Pebbles in a pothole: Part Four

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TWENTY four big wheels rolled past the bridge, past the mine and disappeared round the corner.
There was no time to contemplate what would have happened.
I crawled out from under the bridge and returned to my mine.
BV also crept out of cover and came forward only to stop at a safe distance from the mine.
All along I had been agonising over a solution.
Digging out the mine was no option.
I still loved my life.
I reopened my bayonet and again prodded.
The fresh tracks made by the heavy truck made it quite clear they had cut deep into the shallow pothole that held the mine.
A solution dawned upon me almost like the light Saul saw on his way to Damascus.
It did not come as a brain wave or some brilliant breathtaking revelation.
It was simple physics: The hole was too deep.
The pressure exerted by the vehicle was not sufficient to act on the detonator.
The soil we added acted as a cushion and absorbed all the pressure from the passing vehicles.
All I had to do was add some pebbles to the level of the gravel surface.
These pebbles, when pressed, would exert pressure on the detonator and the fireworks were sure to follow.
Using my bayonet, I gently prodded the pothole, loosening the soil that covered the mine.
I went down on my belly and gently scooped the soil out of the hole.
I took off my denim jacket and put the soil in it — I would need that soil later on.
I carefully removed all the soil until I had unearthed the plastic paper that acted as insulator.
I would go no further.
The plastic sheet had been neatly and tightly tucked into the sides of the mine – touching that would make me a war hero before I wanted to be one.
I could hardly conceal my excitement in finding this solution to an impossible problem.
I collected the two handfuls of stones about the size of pebbles and deftly laid them down in the hole.
BV should have thought I had gone mad as I wandered about the road picking up the pebbles.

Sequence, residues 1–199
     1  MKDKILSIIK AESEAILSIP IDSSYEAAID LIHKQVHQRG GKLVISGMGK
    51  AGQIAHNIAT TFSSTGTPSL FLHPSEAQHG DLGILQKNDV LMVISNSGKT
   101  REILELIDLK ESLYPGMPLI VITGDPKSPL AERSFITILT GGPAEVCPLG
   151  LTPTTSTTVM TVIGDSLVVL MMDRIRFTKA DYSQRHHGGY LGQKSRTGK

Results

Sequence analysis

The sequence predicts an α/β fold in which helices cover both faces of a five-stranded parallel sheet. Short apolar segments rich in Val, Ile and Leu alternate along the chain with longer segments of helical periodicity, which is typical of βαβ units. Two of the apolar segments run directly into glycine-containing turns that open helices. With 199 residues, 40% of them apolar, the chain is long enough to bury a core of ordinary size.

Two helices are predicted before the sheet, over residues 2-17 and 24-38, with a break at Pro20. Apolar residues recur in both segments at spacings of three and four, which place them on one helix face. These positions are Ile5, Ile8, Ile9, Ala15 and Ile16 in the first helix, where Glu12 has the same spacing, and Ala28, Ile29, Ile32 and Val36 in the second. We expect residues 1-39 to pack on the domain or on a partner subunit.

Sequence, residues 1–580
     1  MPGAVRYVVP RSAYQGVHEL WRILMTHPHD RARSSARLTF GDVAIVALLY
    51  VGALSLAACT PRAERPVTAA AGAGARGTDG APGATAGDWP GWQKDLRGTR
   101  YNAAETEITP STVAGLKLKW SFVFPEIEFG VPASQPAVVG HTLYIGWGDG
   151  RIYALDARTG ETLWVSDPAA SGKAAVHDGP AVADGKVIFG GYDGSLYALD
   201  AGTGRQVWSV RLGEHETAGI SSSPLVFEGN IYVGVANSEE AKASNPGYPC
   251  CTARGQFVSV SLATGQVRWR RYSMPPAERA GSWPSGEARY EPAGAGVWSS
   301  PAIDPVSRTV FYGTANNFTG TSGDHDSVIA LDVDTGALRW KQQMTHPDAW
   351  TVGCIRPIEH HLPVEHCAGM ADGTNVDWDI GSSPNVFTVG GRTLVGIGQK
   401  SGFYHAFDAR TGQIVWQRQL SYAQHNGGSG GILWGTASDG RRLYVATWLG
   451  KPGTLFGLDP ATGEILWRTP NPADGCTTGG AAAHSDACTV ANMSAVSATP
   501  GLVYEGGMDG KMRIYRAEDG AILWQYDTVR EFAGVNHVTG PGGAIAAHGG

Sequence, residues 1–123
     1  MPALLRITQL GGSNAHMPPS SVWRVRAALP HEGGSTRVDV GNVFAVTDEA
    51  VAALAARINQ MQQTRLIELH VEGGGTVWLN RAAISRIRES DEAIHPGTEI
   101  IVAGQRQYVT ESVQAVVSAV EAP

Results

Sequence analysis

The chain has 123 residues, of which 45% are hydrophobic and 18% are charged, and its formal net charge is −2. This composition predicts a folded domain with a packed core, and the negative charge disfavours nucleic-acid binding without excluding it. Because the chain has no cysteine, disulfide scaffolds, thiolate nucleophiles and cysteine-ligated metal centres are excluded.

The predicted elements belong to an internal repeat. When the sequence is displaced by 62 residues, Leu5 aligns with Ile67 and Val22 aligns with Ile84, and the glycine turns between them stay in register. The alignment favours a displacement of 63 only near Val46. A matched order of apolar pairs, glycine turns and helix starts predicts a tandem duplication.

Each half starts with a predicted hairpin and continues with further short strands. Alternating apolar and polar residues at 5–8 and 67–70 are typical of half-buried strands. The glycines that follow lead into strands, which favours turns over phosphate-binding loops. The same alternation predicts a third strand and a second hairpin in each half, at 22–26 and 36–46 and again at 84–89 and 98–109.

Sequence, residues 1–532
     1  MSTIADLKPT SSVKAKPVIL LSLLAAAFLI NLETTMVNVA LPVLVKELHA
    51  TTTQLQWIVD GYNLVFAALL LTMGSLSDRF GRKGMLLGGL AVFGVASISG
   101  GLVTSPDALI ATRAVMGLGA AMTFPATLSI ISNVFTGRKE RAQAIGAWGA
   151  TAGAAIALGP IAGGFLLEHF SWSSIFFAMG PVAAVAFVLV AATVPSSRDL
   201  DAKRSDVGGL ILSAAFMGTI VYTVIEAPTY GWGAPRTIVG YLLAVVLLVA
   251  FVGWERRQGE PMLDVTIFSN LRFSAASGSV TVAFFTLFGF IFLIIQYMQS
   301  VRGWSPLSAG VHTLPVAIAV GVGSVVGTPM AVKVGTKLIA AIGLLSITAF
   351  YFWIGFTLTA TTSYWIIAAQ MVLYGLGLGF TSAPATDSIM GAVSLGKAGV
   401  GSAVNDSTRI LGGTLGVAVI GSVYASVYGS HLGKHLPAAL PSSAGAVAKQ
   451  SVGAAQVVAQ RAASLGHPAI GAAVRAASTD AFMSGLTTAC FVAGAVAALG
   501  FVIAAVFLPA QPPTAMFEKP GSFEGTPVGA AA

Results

I added another handful and arranged them neatly like a stone mason.
This was a deadly task, it needed care and diligence.
Satisfied with my effort, I stood back and took the soil on my jacket and sprinkled it over the rocks.
Very gently, I spread the soil to the level of the road surface.
I threw away the rest of the soil, shook my jacket and put it on.
There was one snag: It had rained and the soil was muddy.
Even in the darkness it was clear the road surface had been dug.
I had to sprinkle some water on the mine surface to obliterate any signs of mischief.
I had no container – I looked around – there was nothing I could use to hold just a drop of water.
The solution came from my head.
I took off my lovely canvas hat which had quite a history on its own and used it to fetch the water.
It was not the most fashionable headgear, but it served its purpose well.
It kept my head dry during the rain season.
I returned to my place of refuge with love and joy like that of an old bird that revisits its nest.
I scooped a hatful of water and sprinkled it on the surface.
Two more hatfuls made the job complete and I stepped back removing any signs of my presence using a branch.
I put on my headgear with pride and pleasure.
I wonder where I lost it.
It would have been a priceless souvenir now.
I walked to BV who had been watching the whole exercise from a safe distance and snapped a smart salute – operation over.
BV summoned the rest of the unit who had been covering both sides of the bridge and we marched back to base.
I was too tired, frustrated and annoyed to talk to anyone.
I nibbled a few morsels of sadza and went to sleep some distance from the rest of the unit.
I just wanted to be myself.
The mine exploded next morning at about 8:00am.
I was fast asleep – BV came with the good tidings, he was overjoyed.
For me, it was a shattering anticlimax and all the risks I had taken came like a flood into my mind.
“What exactly did you do?” he asked.
When I told him, his jaw sagged and he snorted: “Pebbles in a pothole?
“I can’t believe it!”

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